Another benefit of ACH payments is that you can potentially reach a larger audience of customers. People can purchase electronically even if they don’t have a credit card, or if they don’t feel safe sharing their card information online. Customers will also like the automatic ACH payment feature because they won’t have to keep an eye out for bills, and they don’t have to worry about getting extra fees.

What do ACH Payments Cost?

While ACH isn’t free, it is often a more affordable payment option than card payments or wire transfers for small and large businesses alike. If you’re a small business, you can expect to pay around $1.00 for every transaction, but if you’re a larger business, that cost can go down as low as $0.11 a transaction.

The bottom line is the more transactions you receive through ACH payments, the less you’ll pay for each—especially if you receive a lot of recurring payments. Some services may charge a monthly fee on top of per-transaction costs. Others charge fees based on a flat percentage fee. Some services even include ACH payments in their contracts at no additional cost. Whatever you choose, make sure you shop around for the one that works best with your needs and budget.

ACH Payment Risks

Since ACH payments are collected in batches three times a day instead of in real time, you run into the risk of your customers’ account being rejected. In general, there are four rejection codes that may occur after a transaction:

1. R01: Insufficient Funds

Just as it sounds, this code means your customer didn’t have enough money in their account to complete the transaction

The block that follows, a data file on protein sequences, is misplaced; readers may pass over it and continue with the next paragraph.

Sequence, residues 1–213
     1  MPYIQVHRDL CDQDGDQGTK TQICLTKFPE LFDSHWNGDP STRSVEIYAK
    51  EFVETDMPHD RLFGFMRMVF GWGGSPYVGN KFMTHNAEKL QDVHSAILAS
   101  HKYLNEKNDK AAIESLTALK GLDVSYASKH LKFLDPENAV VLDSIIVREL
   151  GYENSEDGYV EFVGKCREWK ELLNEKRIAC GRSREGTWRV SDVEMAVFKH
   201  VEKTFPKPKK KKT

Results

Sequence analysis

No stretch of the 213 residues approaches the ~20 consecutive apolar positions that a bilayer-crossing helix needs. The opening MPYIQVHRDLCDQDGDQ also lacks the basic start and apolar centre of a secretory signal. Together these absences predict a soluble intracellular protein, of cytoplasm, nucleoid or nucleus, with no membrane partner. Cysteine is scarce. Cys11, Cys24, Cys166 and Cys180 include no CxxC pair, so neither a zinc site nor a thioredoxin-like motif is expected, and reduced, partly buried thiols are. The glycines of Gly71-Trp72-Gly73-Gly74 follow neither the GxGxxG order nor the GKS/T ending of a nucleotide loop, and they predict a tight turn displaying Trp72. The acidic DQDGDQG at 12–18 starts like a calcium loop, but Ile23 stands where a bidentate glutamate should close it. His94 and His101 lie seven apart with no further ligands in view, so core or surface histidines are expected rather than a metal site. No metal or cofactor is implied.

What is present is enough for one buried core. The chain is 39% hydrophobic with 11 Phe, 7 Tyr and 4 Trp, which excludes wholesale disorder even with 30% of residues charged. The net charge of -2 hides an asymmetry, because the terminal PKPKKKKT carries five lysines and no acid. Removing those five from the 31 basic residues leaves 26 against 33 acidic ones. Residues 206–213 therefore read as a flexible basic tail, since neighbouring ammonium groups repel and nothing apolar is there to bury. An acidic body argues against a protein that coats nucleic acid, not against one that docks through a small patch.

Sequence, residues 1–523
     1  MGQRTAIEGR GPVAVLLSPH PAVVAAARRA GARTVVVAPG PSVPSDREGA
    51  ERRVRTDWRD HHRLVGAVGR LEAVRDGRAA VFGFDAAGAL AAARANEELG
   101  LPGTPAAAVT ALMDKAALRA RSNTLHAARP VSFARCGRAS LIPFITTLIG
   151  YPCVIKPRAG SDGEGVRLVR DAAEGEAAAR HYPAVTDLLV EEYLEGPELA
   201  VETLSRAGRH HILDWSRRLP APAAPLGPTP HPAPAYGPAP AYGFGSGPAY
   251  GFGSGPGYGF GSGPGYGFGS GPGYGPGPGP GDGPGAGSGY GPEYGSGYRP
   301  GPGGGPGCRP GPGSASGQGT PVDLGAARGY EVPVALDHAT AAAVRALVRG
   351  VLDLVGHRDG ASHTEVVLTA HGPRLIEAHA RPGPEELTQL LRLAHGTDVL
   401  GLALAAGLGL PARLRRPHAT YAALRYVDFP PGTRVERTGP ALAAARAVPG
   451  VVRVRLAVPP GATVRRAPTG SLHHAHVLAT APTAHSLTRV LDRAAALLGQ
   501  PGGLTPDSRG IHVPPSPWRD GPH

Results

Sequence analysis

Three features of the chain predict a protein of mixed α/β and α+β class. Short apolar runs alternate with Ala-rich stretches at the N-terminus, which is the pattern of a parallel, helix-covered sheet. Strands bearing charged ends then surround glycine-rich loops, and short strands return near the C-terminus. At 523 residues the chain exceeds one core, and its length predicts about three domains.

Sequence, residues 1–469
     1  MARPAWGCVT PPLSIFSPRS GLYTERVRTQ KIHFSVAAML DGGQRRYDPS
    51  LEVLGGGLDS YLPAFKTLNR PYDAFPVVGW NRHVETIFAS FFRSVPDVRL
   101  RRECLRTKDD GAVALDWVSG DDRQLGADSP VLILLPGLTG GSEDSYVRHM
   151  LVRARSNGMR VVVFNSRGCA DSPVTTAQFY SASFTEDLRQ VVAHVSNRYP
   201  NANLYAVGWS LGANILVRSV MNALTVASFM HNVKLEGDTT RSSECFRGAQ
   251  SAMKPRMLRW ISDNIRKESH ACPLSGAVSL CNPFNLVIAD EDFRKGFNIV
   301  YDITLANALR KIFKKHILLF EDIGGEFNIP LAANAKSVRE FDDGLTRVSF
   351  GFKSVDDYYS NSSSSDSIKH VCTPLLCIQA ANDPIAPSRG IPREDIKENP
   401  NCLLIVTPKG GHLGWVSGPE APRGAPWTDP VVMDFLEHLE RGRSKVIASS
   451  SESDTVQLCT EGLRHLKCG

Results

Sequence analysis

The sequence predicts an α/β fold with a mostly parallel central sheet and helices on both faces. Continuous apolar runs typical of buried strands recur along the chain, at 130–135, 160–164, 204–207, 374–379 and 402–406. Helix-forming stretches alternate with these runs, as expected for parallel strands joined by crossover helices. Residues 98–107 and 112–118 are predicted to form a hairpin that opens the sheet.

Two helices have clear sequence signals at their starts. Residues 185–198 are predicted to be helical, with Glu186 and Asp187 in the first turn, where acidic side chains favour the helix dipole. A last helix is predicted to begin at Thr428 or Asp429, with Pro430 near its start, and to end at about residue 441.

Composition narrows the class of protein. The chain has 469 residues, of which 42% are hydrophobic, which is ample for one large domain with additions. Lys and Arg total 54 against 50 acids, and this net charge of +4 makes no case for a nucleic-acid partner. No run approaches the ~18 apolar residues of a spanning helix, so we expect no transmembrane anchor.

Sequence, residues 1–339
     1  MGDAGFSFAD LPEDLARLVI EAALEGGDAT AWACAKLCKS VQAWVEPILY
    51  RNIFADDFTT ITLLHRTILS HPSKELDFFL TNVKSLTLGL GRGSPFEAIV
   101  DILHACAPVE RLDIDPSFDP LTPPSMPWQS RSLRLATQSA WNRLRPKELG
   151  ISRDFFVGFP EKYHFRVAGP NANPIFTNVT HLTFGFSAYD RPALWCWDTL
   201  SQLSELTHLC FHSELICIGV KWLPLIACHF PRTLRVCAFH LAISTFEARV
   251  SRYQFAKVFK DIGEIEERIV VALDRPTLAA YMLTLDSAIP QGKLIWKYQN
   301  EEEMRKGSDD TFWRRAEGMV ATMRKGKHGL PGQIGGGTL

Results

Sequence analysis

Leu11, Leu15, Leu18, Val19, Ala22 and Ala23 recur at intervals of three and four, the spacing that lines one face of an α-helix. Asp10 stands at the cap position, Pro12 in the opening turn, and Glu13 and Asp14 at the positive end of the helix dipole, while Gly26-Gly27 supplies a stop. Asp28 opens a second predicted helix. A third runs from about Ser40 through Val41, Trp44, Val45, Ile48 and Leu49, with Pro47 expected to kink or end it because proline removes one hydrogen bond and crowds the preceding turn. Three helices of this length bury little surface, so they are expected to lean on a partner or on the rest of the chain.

2. R02: Bank Account Closed

This code will occur when your customer has cancelled their previously active bank account.

3. R03: No Bank Account

If the ACH cannot locate the routing/account number of an account, this code will occur. In most instances, the customer just has to re-enter their numbers to ensure there wasn’t a typo.

4. R04: Reject

This code occurs when an account isn’t set up to release funds through ACH.

If you do end up receiving one of these codes, you do also risk receiving a penalty fee from your provider. The lessen the chance of this fee, make sure you rectify the rejection in a timely manner.

Although ACH is run through the government, it doesn’t have the same PCI-compliance guidelines that credit card processing requires. For this reason, you have to ensure that your customers’ information is valid and that your ACH includes fraud protection.

Other risks you may encounter have to do with the time it takes to process ACH transactions. Some transactions that are initiated at the end of the week may not be completed until after the weekend. Additionally, some ACH providers have daily or monthly caps for how much money can be moved, so make sure you know your cap limits before initiating more payments.

The Steps to Getting Started

With all the benefits ACH payments have to offer, your next question is probably how (and how soon) can I start accepting them? The first step is to get a payment processor, and preferably one that readily offers ACH payments. If you already have one, you can ask them what ACH networks will work with your existing contract. If you don’t have a processor yet, it might be worth it to do your research about the best ones for ACH before deciding. Of course, feel free to consult our payments experts at SwipeSum if you’re in need of help!

Taft Anderson

Taft Anderson is the former Product Marketing Manager of Swipesum. A graduate of Washington University in St. Louis' Olin Business School, Taft is a content and branding expert.